I didn’t receive a preview code from Deep Silver like we requested, and so I only started playing it early this morning. I was an early backer and already expected the game to be very niche and demanding in terms of traditional RPG mechanics and combat gameplay, having played the beta for a few hours in 2016. Right now I’m very engrossed by and fully immersed in it, though the irregular framerate and a general jank in controls and interface are undeniably issues that Warhorse should address right away. I expected performance to be patchy, so it’s not such a dealbreaker for me. I know many early adopters are disappointed and angry, but I’m willing to keep investing my time in it in spite of all issues and bugs. (For what it’s worth, these are my current specs: i5-4690K @ 3.5 GHz, GTX 1080, 8GB DDR3 RAM 1600MHz, 850 EVO 500GB SSD. I’ve noticed quite a bit of bottlenecking in NPC-crowded areas, but on average I get between 30-50FPS on Ultra High.)
The CryEngine rendering powerhouse doesn’t seem optimised for an open world game, but the distant landscapes still look beautiful. Particularly impressive is the dense foliage in wooded areas, probably the most lush and realistic foliage in a game ever. The historical setting seems fully realised as the reconstruction of the Kingdom of Bohemia, though I can’t really attest to accuracy. The interiors of castles and buildings are highly detailed and filled with wonderful frescos that add to an already grand ambiance. Character animation is generally good, but kind of uneven: it’s possible to tell motion captured animation segments (high budget) apart from handmade segments (low budget).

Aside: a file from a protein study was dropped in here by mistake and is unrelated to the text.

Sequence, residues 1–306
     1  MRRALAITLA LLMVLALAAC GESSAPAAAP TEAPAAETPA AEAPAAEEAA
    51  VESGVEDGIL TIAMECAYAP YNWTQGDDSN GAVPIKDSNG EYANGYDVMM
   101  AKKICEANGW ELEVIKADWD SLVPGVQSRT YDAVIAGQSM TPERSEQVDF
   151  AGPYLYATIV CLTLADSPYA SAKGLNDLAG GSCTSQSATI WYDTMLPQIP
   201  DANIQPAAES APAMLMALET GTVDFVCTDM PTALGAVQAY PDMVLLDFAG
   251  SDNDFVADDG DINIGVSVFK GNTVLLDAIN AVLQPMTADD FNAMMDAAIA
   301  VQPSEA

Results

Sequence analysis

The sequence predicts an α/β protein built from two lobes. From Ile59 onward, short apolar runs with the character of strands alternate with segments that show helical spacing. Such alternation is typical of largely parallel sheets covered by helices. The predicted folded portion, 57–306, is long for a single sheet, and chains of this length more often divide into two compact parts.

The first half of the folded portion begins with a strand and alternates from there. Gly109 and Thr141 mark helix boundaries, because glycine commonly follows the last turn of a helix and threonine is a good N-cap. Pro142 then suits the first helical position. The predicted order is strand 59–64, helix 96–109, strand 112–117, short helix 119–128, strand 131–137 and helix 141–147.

But it is the quest design that makes Kingdom Come worth playing. Tasked with collecting a debt from a boorish NPC by the protagonist’s father, I first attempted a pacific speech-focused solution, which failed and resulted in insults and a fistfight, leading to the NPC running away from me until I lost track of him. Later I returned to his house and found him asleep, proceeded to knock him out and stole everything he carried, including a key, which I used to open his chest and repossess the goods he didn’t pay for. Later on I was tasked with finding guard armour to disguise myself in order to escape a castle under lockdown, though it would be easier to just get arrested for choking a guard instead, after which they would kick me out of the castle anyway. This is all within the first five hours of playtime, a very small percentage of what the game will continue to offer in terms of variety of solutions and the nonlinear paths to achieve those solutions. This is what RPGs are supposed to play like.
To put it short, Kingdom Come: Deliverance is an obviously flawed and unorthodox but also highly original RPG that wobbles under the weight of its ambition. Baroque is a term that would fittingly describe it: it is so committed to thrust upon the player an extravagant, lofty experience of immersive realism that it seems entirely un-self-aware of its condition as a product in an industry that must cater to the lowest common denominator in order to turn a profit. And perhaps that is why it just might endure as a cult classic favourite once the dust has settled and its flaws are chiselled off with a series of patches and optimisations, just as RPGs such as Planescape: Torment and Fallout: New Vegas endured in spite of poor commercial success or a messy launch.
I will keep posting further impressions before I finish the game and settle on a final review.